Duet won first in it’s class (B) and first overall. It is a yawl. That is, it has an additional mast/sail aft of it’s rudder. The design was originally created to add extra sail without breaking the design rules for it’s racing class. That, together with a big mainsail and two additional foresail(s) on it’s bowsprit, makes a very powerful rig that takes skill to handle well. The Cirdan Trust ⇒. Pictures under sail (updated) ⇒.
The Stavros S Niarchos won the communications prize for doing the most to aid the race schedule communications.
Tenacious was a mix of able bodied and less able bodied crew. They did well to gain third in their class (A)
The Golden Leeuw won the the Friendship Trophy for having contributed the most towards international friendship and understanding. They were also the most international crew and won the Young Trainee Award.
The youngest Captain (Tom Whiteford)
I couldn’t get the name of this one but it certainly caught everybody’s attention. Most particularly because it had a working cannon which they delighted in using, making everybody jump and producing great clouds of smoke. They even had the cheek to fire it in the vicinity of Woolwich Arsenal. In past days they would have been blown to bits.
The Royal Barge appeared two days earlier and is the one used for the Queens Jubilee. Sixty years in the same job and they didn’t even give her one with an engine. A close look at the those on the oars would indicate that they have probably been quaffing something.
Next, click on – The Festival and it’s characters.
And, thank you for visiting.
Thames River – Westminster to Hampton Court
22 Pics. With hindsight I would have traveled to Richmond (underground railway – District Line) and tried the alternative river service provided by Turks to Hampton Court. The journey would have been shorter (1 and 3/4 hours) and travels the more picturesque part of the river (including the above bridge).
There is only one company that provides Thames River travel all the way from Westminster Bridge to Hampton Court, that is WPSA. However I was not all that impressed. It is 3 and 1/2 hour journey, the upper deck seating uncomfortable, the engine noisy and the commentary full of irritating chatter. Added to which, the first part of the journey was not greatly picturesque apart from the immediate view of Westminster Palace (Pictures) which could have been seen/photographed from the south bank of the river.
Here are the pictures of the two legs:-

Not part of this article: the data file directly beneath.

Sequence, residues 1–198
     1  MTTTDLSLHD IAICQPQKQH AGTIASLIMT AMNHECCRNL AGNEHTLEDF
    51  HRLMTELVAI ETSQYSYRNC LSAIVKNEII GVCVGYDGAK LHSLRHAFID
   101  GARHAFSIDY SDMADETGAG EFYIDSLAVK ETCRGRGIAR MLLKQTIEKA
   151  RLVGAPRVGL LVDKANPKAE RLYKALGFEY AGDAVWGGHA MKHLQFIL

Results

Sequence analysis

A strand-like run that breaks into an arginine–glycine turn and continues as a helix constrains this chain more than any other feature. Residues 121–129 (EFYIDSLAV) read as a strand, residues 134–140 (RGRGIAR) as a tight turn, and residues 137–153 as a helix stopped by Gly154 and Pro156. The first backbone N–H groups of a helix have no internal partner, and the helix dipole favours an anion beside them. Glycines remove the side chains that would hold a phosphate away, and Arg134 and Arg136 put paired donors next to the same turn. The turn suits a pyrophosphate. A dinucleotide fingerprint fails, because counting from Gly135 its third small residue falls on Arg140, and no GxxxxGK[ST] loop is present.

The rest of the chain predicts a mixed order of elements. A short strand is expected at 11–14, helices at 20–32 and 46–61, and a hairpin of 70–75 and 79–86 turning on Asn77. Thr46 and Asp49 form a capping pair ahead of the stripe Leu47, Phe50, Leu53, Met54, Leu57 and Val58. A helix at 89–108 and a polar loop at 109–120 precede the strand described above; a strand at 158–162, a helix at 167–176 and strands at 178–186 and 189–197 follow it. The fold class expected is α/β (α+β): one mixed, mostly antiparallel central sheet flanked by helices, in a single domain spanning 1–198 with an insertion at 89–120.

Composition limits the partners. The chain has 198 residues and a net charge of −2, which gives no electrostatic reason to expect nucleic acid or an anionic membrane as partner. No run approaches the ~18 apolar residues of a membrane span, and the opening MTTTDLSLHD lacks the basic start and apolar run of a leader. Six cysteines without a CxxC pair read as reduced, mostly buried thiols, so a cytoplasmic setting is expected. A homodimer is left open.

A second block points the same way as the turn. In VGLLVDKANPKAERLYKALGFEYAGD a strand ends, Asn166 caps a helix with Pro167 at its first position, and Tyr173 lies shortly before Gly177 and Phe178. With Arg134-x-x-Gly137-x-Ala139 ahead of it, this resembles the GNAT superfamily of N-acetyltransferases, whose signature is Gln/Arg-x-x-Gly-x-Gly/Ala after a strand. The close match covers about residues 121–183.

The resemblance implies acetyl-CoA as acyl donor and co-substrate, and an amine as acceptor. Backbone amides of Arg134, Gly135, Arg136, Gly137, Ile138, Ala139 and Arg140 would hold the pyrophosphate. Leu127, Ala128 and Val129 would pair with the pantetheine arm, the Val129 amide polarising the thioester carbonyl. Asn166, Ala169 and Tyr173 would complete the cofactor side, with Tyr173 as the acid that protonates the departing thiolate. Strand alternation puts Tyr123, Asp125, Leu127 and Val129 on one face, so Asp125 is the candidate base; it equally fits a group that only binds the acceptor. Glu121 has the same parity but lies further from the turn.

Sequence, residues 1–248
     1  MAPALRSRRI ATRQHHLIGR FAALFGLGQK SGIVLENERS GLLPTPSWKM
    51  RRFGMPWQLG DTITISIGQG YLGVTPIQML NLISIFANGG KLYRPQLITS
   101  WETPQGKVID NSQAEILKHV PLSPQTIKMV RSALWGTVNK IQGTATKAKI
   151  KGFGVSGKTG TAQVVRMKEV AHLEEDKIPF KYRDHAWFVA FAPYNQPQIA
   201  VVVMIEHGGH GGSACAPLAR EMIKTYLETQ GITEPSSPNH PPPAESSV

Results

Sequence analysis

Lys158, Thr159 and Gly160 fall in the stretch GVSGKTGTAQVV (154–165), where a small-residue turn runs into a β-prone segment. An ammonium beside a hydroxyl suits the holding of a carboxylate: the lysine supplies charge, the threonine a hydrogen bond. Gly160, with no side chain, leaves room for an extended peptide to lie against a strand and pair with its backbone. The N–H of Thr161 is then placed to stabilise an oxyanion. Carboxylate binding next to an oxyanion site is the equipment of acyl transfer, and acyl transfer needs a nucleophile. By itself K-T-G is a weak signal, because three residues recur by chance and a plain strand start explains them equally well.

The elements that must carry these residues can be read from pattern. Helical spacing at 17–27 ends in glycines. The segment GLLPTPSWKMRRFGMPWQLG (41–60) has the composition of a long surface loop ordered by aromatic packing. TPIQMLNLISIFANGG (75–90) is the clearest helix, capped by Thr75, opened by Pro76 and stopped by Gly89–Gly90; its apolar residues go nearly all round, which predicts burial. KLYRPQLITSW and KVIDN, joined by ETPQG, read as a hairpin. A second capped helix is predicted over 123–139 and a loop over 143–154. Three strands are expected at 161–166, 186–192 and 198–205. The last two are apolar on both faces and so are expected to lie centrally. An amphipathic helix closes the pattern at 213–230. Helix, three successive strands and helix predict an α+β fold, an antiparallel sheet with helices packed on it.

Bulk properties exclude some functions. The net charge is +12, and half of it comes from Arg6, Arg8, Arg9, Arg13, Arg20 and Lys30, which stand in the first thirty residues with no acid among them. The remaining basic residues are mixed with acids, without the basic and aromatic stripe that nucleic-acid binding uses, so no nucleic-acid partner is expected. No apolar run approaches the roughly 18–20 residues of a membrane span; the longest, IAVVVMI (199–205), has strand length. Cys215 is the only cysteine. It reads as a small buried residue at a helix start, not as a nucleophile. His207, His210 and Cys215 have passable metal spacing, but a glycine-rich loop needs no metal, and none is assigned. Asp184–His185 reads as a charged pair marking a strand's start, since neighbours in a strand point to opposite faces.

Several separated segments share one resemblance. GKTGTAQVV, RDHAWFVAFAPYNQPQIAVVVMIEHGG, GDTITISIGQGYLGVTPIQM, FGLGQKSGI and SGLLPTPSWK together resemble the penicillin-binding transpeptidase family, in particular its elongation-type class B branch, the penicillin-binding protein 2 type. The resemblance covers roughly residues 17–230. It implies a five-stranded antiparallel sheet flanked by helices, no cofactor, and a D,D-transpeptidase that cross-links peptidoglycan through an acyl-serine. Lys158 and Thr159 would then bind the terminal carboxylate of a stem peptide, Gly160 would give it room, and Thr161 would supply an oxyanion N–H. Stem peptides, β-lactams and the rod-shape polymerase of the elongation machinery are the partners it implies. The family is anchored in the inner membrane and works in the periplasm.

Westminster to Richmond
Please click on an image to expand and view a slide show:-
Richmond to Hampton Court
Please click on an image to expand and view a slide show:-
Palace of Westminster and Big Ben
6 Pics: The Palace of Westminster hosts the UK Parliament’s House of Commons and House of Lords. Visitor Tours and Photography Restrictions inside, outside is not a problem.
Alongside is Westminster Abbey. Visiting Westminster Abbey, where photography is not allowed inside. Both are right outside Westminster Underground railway station. Nearby, one can take a variety of river tours.
The fine detail of the palace exterior is not often seen, so here are some pictures. 🙂
The Thames at Windsor
The River Thames at Windsor offers a pleasant afternoon and a good follow-on from a visit to Windsor Castle. There are both Tour Boats and Hire Boats available. The tour boats provide a frequent 40 minute service and an occasional two-hour trip. I took the two-hour tour and thought it quite good value for money. Unfortunately there are no river trips from the City due to the many intervening locks. French Bros public boat trips. You can book online but you don’t have to. There are other hire companies included in Travel by Train, Map/Tour and Hire Boats. But first a word from our sponsor.
Yo Ho Ho and a bottle of rum.
Where’s Fred. It’s mine I tell you.
I say, they’re not so much wild fowl as slighty miffed. Mwa Ha.
First we go under the bridge and then we come back under the bridge. Good game.
Call that a duck.
Personally I prefer one of these. The upper deck is a simple array of chairs and they were quite happy for me to bring my own tea and sandwiches, bought from an outlet near to the ticket office. The lower deck is more plush with a bar and snacks.
The first part of the tour is quite pretty. It then gets a little dull for a while until after the lock. There is a commentary indicating places of interest and the homes of the famous.
I hope you enjoyed the tour and thank you for visiting.
Straight Up With A Twist
Well, I suppose the builders were grinning when they said they’d give it whirl. I should have known better really.
The United Emirates cable car traverses the river Thames in East London between the Royal Victoria Dock, on the Docklands Light Railway (DLR) and the North Greenwich Peninsula. It can be found on the Standard London Underground Map ⇒ at sector D8. From Greenwich Pensinsula there is a bus service to wonderful Maritime (Cutty Sark) Greenwich ⇐ which is on another branch of the Docklands Light Railway.
It makes sense to use an Oyster Card (touch in/touch out) as this will also save money on the London Underground/Overground and Docklands Light Railway.
BE AWARE: That if you forget to touch in with a card there is a heavy fine. If you forget to touch out when leaving a station, the maximum charge is deducted from your card.
A video of the view ⇒ shows that although it is partly obstructed by the tall buildings of Canary Wharf and lasts 5-10 minutes (according to time of day), it is nevertheless quite good value for money.
It is used for some commuting to and from work, so it is better to avoid peak times.
Thank you for visiting Freed From Time